He pointed to process intensification as a route for improving yield while possibly allowing savings.

Plumb said there are potentially beneficial technologies that have been around for a long time in chemical engineering that the pharmaceutical industry may not be using “as much we should be using them in order to make the kind of changes that we’ve been talking about here.”

Elizabeth Cheeseman, Process Engineer at veterinary pharmaceutical company Norbrook Laboratories, said: “I think it’s because we’re in such a highly regulated environment – and necessarily so – that every change is a challenge. So, when you have something that works and maybe its inefficient, there’s less of a drive to make that change. But as supply chains constrain us and as we’re pushed in other ways then…we might be driven that way.”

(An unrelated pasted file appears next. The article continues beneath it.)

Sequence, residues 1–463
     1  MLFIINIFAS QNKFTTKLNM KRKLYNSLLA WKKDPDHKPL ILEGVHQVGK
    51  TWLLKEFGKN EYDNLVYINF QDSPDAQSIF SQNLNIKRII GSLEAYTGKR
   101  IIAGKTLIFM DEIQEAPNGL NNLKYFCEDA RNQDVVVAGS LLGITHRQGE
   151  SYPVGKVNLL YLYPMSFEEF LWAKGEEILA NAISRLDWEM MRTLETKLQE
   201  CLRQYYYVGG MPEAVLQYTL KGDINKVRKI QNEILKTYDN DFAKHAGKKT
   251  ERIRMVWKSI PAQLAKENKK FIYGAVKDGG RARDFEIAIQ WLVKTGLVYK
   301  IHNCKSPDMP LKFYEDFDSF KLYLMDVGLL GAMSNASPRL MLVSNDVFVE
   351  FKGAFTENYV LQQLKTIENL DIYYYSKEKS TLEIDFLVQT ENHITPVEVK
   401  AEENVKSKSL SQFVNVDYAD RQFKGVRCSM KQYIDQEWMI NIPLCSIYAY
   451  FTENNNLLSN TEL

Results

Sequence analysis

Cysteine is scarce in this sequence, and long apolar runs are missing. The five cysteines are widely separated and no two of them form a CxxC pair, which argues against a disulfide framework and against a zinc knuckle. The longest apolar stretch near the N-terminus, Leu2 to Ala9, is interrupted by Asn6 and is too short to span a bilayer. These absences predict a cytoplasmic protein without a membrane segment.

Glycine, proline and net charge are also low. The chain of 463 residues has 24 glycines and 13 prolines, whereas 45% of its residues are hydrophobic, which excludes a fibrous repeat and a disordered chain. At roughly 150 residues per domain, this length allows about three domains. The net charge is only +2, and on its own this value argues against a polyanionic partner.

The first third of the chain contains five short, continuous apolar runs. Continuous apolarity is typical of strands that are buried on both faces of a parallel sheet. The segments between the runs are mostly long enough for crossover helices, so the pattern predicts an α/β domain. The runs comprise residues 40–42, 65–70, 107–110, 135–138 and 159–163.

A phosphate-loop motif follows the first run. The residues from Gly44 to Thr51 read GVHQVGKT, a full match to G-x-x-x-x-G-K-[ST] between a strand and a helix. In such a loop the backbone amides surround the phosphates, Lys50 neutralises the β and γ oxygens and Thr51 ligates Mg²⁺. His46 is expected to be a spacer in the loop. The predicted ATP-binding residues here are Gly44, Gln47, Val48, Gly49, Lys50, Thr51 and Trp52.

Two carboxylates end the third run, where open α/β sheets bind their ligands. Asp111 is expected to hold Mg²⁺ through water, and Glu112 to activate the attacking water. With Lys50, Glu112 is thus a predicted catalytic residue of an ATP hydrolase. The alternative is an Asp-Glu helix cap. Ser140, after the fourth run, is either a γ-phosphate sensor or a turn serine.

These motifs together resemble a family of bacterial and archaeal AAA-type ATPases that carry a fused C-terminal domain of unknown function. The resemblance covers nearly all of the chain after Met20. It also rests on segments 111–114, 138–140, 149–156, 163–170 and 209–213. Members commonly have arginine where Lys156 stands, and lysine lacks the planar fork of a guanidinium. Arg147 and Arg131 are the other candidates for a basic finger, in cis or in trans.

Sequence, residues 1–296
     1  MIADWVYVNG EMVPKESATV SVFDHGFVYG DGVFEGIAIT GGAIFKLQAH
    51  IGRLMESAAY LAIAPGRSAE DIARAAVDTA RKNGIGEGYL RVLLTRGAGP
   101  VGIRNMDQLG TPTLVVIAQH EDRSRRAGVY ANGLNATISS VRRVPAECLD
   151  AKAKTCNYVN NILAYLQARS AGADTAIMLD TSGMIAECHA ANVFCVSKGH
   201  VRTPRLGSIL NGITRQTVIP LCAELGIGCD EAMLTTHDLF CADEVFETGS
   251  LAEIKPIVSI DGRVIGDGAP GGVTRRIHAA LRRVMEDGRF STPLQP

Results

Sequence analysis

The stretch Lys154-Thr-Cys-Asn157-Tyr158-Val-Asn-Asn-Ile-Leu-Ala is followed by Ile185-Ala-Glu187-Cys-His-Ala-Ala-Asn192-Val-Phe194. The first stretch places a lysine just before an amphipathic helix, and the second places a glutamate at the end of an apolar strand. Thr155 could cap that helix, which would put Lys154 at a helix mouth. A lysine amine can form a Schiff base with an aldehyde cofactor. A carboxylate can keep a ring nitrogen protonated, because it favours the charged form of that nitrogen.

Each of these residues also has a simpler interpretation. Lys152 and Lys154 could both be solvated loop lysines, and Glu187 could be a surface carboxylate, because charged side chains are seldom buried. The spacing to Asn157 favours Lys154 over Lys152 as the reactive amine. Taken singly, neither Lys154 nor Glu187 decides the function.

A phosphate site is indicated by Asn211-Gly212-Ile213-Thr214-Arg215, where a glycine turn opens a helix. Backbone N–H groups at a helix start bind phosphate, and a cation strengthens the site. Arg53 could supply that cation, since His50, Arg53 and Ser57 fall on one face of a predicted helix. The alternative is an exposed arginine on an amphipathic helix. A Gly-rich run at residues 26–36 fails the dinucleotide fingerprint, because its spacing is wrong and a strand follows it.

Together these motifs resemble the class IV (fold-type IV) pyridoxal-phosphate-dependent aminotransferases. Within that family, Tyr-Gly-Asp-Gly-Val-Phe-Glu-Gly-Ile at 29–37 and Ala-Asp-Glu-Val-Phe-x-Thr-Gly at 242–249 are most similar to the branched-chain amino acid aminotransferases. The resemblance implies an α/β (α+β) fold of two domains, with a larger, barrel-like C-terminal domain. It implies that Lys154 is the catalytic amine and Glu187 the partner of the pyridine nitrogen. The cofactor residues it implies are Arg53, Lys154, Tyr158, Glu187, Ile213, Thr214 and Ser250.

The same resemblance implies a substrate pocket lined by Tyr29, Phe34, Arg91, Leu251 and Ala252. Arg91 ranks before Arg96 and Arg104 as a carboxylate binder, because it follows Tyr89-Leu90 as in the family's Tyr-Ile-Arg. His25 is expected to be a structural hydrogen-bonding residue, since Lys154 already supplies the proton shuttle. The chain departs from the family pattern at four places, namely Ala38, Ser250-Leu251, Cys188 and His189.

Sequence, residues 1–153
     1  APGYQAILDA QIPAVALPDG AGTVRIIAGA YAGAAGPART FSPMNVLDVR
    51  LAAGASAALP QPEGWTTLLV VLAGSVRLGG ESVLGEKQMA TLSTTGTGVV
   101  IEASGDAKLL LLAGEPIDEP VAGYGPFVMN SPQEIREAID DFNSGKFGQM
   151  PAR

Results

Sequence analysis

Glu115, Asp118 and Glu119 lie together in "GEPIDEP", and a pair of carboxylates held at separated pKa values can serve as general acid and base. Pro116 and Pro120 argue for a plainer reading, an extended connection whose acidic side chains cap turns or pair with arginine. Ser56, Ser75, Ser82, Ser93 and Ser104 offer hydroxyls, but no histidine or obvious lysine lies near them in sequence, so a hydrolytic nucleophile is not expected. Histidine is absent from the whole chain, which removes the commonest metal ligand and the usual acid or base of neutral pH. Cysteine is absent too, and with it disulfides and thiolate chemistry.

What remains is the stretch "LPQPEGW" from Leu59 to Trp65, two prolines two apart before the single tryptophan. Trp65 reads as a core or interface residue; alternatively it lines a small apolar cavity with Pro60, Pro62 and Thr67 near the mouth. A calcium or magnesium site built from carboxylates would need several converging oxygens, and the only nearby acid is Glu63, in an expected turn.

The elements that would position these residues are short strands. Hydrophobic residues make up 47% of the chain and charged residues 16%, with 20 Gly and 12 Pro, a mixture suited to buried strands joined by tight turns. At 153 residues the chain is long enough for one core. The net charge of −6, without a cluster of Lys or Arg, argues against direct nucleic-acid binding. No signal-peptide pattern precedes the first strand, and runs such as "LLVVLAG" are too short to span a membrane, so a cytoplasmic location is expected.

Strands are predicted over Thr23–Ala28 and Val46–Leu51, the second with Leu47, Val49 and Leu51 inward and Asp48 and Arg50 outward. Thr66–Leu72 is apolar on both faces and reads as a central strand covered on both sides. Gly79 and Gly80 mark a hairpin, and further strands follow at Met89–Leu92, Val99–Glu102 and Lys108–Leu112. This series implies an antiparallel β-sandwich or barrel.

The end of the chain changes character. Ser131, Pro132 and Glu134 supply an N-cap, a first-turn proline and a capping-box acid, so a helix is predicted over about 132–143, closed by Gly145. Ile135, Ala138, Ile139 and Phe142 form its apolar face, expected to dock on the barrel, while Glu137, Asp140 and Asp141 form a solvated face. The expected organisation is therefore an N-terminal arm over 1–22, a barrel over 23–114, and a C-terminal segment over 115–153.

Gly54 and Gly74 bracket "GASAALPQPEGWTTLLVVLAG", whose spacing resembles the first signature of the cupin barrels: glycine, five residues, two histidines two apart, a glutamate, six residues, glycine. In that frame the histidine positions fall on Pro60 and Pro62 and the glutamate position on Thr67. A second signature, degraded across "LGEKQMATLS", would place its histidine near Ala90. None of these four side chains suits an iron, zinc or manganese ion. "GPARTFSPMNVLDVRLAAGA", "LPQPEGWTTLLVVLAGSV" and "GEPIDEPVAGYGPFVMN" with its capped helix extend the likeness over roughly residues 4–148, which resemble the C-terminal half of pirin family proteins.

Iles-Smith said that “we do tend to protect ourselves by the regulated bit sometimes, it’s a good excuse not to do anything”.

He concluded the discussions, saying: “There’s some significant focus areas that we need to drive into our up-and-coming chemical engineering space, around technology, around communication, around the supply chain and reuse and reduction and different approaches.”

He added: “It’s quite exciting…It’s a different world, especially in pharmaceuticals…[but] let’s not just focus on being pharmaceutical people. Let’s look at what everybody else is doing, even if it’s automotive, or chip manufacture, or something that does something different, so we can learn from that.”


View the webinar recording here: https://bit.ly/3xqYtJX

Join the centenary discussion! Next up: Materials

Register for the 12 October webinar here: https://bit.ly/3R3BZWm
Submit your questions for the panel ahead of the webinar here: chemengevolution@icheme.org
For more on the centenary, including historical reflections from IChemE members, visit the dedicated website: www.chemengevolution.org

Article by Amanda Jasi

Staff Reporter, The Chemical Engineer